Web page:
These clutch plays that Trevor made is further reason to why he was given a starting position on a Lakers team littered with big time players as he helped lead his former franchise to an elusive championship in 2009 following their 2008 losing effort against Boston. Trevor earned this blood, by blood, steal by steal, sweat by sweat, dunk by dunk, tear by tear and big-play by big-play. A starting position which resulted in a then career high 26 points against the Dallas Mavericks, coupled with 3 steals, 3 rebounds and 2 assists across the board. Fans, teammates and opponents alike all didn’t expect this much from Ariza. His contributions has Marv Albert repeating one of his famous catchphrases, “How about Ariza?”.
Indeed how about Ariza, who has been coming up as big as any other player throughout the playoff campaigns over the years. Whether it be the defensive plays, hitting big three pointers or the emphatic, rim breaking, opponent confidence shaking, energy of team awakening dunks. Give this guy even a hint of an inch of room and he’ll take it and force the ball to the hoop with authority. Despite the angle, despite the degree of difficulty and despite the players in front of him. He wont be denied and he’ll defy gravity in the way he powers to the basket. From the defensive end to the offensive end, there's few better runners, starters and finishers, whether that be of his teams play or opponents.
Trevor’s moves have been on replay in fans minds and on YouTube collectively since the start of his career when he was taken at a criminally low 43rd overall in the 2004 draft by the Knicks. Still, however if he wasn’t getting the exposure he deserved as an exciting rookie in New York, or his time in Orlando, he’s certainly getting it now following his time in the celebrity capital of the world. Despite playing in an arena full of famous fans like Leonardo DiCaprio, Denzel Washington and of course Jack Nicholson, night-in night-out in 2009, Trevor was the one who drew the crowds gaze.
In late 2007 the Lakers gave up the promising talent of Maurice Evans and Brian Cook for the proven talent of the Orlando Magic’s Trevor. Then just over a month later, on December 25Th, Ariza gave them a great Christmas present. He unwrapped an amazing facial dunk over Grant Hill and the Phoenix Suns, giving the Lakers the enthusiasm and motivation needed to take the victory. This kept bloggers busy but also injected a new sense of excitement to a Lakers squad that was beginning to come together. It was now evolving from a blossoming team into a championship caliber unit in full bloom.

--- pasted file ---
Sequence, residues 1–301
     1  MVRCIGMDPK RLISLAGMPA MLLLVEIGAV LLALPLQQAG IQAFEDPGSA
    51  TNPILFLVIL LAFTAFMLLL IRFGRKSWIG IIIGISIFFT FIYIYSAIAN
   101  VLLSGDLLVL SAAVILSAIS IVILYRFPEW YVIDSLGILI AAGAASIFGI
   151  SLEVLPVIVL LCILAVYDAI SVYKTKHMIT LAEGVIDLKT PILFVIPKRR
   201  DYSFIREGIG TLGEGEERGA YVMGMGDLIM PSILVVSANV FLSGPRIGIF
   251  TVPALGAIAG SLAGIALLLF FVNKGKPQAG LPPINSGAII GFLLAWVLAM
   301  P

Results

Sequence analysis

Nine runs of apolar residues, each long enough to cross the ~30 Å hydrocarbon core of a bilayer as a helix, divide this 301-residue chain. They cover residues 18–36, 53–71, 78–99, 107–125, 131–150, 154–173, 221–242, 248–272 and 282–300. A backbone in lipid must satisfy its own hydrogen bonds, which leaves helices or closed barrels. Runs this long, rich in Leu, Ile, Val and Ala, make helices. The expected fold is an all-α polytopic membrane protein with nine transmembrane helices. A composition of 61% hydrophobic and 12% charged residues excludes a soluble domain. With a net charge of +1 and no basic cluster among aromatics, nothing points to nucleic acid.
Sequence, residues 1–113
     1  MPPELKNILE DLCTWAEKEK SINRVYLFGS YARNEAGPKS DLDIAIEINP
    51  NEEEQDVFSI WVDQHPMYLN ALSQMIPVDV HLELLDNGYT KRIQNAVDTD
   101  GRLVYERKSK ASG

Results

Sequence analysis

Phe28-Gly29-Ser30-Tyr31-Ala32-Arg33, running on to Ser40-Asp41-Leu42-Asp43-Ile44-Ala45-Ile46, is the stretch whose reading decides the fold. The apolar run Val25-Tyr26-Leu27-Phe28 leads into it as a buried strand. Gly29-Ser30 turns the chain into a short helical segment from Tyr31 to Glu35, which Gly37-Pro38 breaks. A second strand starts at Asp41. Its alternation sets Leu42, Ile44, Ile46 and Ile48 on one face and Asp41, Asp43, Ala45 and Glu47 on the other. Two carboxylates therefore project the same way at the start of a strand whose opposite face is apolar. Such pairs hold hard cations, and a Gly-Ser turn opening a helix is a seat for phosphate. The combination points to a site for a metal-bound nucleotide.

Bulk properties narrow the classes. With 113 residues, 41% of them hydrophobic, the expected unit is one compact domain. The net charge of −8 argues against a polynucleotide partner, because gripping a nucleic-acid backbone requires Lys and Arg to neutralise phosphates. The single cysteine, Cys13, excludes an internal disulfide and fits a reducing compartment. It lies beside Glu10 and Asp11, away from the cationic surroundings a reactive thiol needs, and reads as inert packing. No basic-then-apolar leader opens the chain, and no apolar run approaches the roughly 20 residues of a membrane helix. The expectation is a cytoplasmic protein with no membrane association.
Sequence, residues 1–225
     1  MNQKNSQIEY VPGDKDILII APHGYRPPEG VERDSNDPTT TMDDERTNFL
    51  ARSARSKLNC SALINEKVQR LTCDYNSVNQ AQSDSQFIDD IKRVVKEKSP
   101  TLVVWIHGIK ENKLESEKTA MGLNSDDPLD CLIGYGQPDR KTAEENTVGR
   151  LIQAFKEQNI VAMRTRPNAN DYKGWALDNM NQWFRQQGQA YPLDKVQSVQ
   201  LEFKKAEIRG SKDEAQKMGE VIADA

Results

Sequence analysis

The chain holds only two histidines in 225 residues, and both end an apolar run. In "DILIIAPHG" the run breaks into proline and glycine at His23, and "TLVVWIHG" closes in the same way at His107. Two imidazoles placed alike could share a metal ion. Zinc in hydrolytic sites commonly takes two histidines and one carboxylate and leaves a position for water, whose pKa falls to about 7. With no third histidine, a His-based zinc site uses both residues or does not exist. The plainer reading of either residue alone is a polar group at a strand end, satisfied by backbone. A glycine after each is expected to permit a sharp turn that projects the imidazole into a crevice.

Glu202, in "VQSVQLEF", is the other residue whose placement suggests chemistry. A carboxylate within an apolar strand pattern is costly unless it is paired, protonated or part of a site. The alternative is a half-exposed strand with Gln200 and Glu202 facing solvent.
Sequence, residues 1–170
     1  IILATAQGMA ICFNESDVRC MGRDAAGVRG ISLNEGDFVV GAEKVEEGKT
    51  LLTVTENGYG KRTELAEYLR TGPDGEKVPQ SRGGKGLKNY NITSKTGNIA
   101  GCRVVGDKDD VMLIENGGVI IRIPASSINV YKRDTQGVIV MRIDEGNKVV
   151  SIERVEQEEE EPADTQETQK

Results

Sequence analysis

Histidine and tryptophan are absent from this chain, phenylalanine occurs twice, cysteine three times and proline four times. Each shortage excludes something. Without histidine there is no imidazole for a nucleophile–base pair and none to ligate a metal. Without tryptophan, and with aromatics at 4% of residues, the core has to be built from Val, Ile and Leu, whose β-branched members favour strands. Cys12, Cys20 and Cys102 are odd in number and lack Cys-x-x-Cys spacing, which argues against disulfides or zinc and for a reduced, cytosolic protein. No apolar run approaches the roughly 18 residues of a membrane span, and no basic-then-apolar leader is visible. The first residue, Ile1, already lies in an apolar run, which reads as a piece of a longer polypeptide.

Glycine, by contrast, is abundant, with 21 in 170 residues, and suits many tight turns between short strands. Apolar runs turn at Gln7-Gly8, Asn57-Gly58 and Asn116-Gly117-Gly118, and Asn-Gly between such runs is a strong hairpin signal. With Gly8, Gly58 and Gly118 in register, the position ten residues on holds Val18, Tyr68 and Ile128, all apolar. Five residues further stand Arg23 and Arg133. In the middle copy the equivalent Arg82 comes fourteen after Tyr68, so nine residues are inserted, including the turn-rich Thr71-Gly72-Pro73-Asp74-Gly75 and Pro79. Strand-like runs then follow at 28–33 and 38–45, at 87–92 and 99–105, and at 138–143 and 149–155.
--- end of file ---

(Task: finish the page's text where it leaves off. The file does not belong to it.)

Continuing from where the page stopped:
The last time the Lakers where a contender they had Shaquille O’Neal. In 2009 they went back to the top thanks to Kobe and the right compliment pieces that where running a lot more in a fast paced, exciting offense. This offense is reminiscent of the classic ‘Showtime’ era of the Lakers in the 80’s. These 21st century Lakers can run and finish strong whether it be Kobe, Lamar Odom, Pau Gasol or Andrew Bynum. Still, however with great first step acceleration and electrifying dunks nobody on the Lakers roster epitomized the Showtime style of play more than Trevor Ariza did in his time (sorry Shannon, your still real close). That’s right, whether it be starting or finishing a fast break when Ariza was involved every seat in the house was vacant. Running as smooth as Jamaal Wilkes and taking it hard to the basket like Byron Scott, when Trevor was on top form it was Showtime baby!
It all seems like yesterday that Ariza was wearing the Lakers three on the teams quest for their own trio but it was two years, two teams (Houston and New Orleans) and two alike replacements in Ron Artest (defensively) and Devin Ebanks (physically) ago. Still despite the filled voids and the valid championships, Trevor Ariza is still missed and was a big part of the Lakers who would be a piece that would help them so much in the playoff puzzle. His speed, steals, hustle, determination and tenacious passion will always be missed by the Lakers and cherished by who he plays for. Even though Trevor may never don purple and gold again, he'll always be certified as an iconic Laker member and one of the prime reasons this team was successful in returning to their glory days. On this court he'll always be a star, thanks to his walk to fame. The championships belong to him as much to anyone as he played his supporting role to a tee on the fairways of Hollywood.
“Everyone has to contribute if we wanna win, everybody has to do their part”Trevor Ariza-2008.
Trevor certainly did his.